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Preview: Rosencrantz and Guildenstern Are Dead

By Adabelle U. Ekechukwu, Contributing Writer

October 13-15, 7:30 p.m., October 15, 2:30 p.m.

Loeb Experimental Theater

Directed by Lenora C. Murphy ’12

Produced by Aly G. Martinez ’13 and Civry P. Melvin ’14

The already chaotic world of “Hamlet” takes a maddening turn towards the absurd and existential in Tom Stoppard’s tragicomedy “Rosencrantz and Guildenstern Are Dead.” Told from the perspective of Shakespeare’s minor characters, primarily the two oft-confused, at times intellectual courtiers of the title, Stoppard chooses the original’s background as the ideal stage on which to question the meaning of self and being. The Harvard-Radcliffe Dramatic Club (HRDC) will attempt to tackle these concerns, and the infamously convoluted manner in which Stoppard expresses them, in their new production of the play.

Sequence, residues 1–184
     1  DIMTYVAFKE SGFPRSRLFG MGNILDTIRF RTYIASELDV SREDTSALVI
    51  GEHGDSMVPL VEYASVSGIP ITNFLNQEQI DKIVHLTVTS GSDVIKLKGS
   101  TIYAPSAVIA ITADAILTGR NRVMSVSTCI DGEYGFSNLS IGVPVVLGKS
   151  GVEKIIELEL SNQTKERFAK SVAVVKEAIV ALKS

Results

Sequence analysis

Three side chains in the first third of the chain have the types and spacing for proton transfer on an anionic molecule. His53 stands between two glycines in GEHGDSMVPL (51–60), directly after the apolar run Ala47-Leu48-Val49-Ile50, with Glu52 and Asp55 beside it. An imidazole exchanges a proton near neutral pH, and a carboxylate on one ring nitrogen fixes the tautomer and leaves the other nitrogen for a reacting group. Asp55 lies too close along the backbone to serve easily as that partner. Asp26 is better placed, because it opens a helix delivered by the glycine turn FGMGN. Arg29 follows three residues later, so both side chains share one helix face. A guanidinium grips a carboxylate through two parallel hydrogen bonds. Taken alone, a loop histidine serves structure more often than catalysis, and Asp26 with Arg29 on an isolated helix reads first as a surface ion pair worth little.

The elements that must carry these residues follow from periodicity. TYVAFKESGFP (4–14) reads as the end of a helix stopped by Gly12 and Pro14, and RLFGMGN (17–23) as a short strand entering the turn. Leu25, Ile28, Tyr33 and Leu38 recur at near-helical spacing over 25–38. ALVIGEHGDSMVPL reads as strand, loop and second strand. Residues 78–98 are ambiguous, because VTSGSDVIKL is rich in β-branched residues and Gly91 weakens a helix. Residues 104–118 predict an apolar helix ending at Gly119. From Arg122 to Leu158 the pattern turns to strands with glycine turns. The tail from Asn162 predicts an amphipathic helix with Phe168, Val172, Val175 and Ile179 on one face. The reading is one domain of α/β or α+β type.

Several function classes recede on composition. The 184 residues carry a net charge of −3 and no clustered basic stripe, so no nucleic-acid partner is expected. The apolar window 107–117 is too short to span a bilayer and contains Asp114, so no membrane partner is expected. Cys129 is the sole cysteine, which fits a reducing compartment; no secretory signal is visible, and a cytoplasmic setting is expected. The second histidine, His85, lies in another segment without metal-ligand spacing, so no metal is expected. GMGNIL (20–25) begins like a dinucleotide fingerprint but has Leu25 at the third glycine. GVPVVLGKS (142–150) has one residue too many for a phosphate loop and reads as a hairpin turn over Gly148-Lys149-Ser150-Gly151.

“The main issues at stake within this show are what it means to be a person, what it is to have an identity, to choose an identity,” says director Lenora C. Murphy ’12. This year’s production explores the crisis of identity on several levels, the most important being the courtiers’ inability to differentiate themselves from each other. “We often feel like two halves of one person,” says Ben A. Silva ’14 of his character Rosencrantz, the complement of Eli E. Kahn ’13’s Guildenstern. “As a result, each of us feels incomplete in some way and indistinguishable from the other one.”

Whether it is the courtiers’ disorganized attempts at philosophical reasoning or their sporadic interactions with a sexually charged traveling troupe of performers, the play is an intriguing marriage of intellectual humor and tragic emotion. “There are moments that I find poignant and moments that I find truly hilarious,” says Kahn.

The show promises to be an intimate one, in which the cast actively engages with the audience and in so doing blurs the line between what it is to act and what it is to be one’s true self. This production further individualizes itself by not only including females in an originally predominantly masculine cast, but also reversing the gender of several key characters. The HRDC’s “Rosencrantz and Guildenstern Are Dead” aims to bring wit, introspection and charged emotion to Stoppard’s unique exploration of human choice and purpose.

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